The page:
What are two pros and two cons for a plain text resume or for a scannable resume?
Scannable resumes were the transition phase between traditional hard-copy resumes and the emergence of electronic capabilities. The pros included the capability the prospective employer had of converting a paper resume to an electronic resume by using scanning technologies. Another pro was that, once a collection of paper resumes had been converted to electronic form, the potential employer could search one or all electronically to find information that was important to job fulfillment. Another pro was the convenience of having an often large collection of paper resumes reduced to a hidden stash of electronic resumes (with search capability). Two cons were that (1) paper resumes still had to be handled and (2) staff and staffing hours had to be allotted for the process of converting paper to electronic data base through scanning.
Plain text resumes have almost completely replaced scannable paper resumes because of two important pros to plain text resumes. The first pro is that technology has advanced to the point that most employers now incorporate easy-to-use resume uploading technology on their websites. The second pro is that electronic resumes provide much greater convenience for applicant and recipient, whether they are uploaded through technology incorporated into the website or added as copy-paste documents in an email to the potential employer. A major pro to plain text is that plain text does not transmit computer viruses. One con is that plain text resumes reduce all resumes to equal visual status, rendering useless the old theory that uniqueness and "stand out" quality are resume necessities. A related con is that plain text doesn't lend itself to special visual emphasis on items the writer wants to call attention to, so selecting an information format that locates areas of strength and accomplishment at the top of the resume is critical.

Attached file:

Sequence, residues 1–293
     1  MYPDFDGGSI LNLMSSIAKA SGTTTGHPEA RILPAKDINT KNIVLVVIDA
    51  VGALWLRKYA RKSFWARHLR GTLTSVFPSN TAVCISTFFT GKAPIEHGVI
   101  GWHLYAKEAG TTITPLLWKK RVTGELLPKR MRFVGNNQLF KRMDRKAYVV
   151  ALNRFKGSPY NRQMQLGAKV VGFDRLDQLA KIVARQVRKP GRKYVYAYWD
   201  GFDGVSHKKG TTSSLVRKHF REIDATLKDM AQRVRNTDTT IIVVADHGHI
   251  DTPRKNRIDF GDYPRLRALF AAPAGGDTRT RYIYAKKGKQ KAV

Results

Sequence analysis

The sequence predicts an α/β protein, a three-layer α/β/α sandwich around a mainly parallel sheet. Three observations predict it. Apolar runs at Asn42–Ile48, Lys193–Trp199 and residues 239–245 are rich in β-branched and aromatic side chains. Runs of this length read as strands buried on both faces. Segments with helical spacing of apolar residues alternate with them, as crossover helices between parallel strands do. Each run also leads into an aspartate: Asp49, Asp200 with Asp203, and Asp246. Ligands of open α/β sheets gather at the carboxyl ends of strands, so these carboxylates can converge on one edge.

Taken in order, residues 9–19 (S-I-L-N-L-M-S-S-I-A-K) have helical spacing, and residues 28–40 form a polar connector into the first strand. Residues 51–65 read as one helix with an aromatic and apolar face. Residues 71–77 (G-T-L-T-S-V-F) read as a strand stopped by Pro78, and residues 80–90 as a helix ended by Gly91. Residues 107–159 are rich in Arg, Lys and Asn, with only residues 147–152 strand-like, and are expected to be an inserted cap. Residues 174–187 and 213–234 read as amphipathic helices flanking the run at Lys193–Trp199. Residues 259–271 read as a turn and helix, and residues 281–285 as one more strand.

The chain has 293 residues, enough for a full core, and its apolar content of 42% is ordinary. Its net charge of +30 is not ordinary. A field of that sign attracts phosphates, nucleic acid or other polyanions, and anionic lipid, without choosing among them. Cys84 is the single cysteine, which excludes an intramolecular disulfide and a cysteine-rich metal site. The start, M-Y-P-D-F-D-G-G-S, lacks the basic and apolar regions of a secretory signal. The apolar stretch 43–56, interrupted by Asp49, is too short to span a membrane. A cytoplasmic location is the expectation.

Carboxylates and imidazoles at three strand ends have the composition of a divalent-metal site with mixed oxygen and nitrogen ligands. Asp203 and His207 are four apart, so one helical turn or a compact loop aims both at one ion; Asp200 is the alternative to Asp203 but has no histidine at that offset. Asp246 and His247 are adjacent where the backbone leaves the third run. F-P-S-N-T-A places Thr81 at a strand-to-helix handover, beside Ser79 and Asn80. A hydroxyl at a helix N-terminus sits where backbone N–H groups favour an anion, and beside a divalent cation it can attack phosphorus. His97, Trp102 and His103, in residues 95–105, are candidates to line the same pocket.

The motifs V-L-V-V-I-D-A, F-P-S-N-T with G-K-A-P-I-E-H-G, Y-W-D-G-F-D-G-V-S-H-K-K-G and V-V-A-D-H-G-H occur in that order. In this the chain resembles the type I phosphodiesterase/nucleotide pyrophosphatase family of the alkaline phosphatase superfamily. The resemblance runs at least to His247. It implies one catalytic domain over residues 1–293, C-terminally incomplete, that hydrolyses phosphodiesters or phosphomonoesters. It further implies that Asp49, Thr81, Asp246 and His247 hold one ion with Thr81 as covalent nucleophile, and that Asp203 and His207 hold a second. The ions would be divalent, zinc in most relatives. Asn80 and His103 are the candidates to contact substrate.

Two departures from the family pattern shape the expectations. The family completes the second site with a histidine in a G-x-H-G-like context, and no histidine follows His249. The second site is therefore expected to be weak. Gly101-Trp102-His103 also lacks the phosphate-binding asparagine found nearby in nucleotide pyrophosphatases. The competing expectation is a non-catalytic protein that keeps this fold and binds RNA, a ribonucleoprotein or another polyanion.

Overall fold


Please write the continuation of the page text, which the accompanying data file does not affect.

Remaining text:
There are many different types and formats of resumes, and depending on a person's profession and the type of job they are applying for, different resumes might be required or preferred. However, in general, there are both pros and cons to a plain text or scannable resume.
One advantage of a plain text resume is that it can easily be copy and pasted anywhere. Many jobs ask that you apply directly on their site, and many want your resume to simply be pasted into a text box, which makes a plain text resume ideal; you won't need to make any changes, and there will be no changes automatically made to your formatting. If you have a formatted resume, however, and try to paste it in to a text box, the formatting could change and look unprofessional.
Another advantage is that plain text resumes are very easy to read. Everything is very clear and the person reviewing the resume will not feel overwhelmed or burdened by a formatted or fancier resume.
One disadvantage of a plain text resume is that it will be less unique and might not stand out s much as a personal, formatted resume. It will be the same font and color as all the other plain text resumes, which could make it harder to stand out or impress an employer.
A second disadvantage is that in a plain text resume it might be more difficult to highlight certain aspects of a resume that one could normally do by using bold or italics or underlining or changing of fonts and font sizes. In a plain text resume, it all has to be the same.
In general, one should think about the audience and mode of application in order to determine the best type of resume.
Plain text is very easy to read and removes formatting which could be distracting.
It can be scanned into a computer if delivered printed out.
The style might be too boring and not as readable.
If the resume references published works, and they are not italicized, it's not as professional.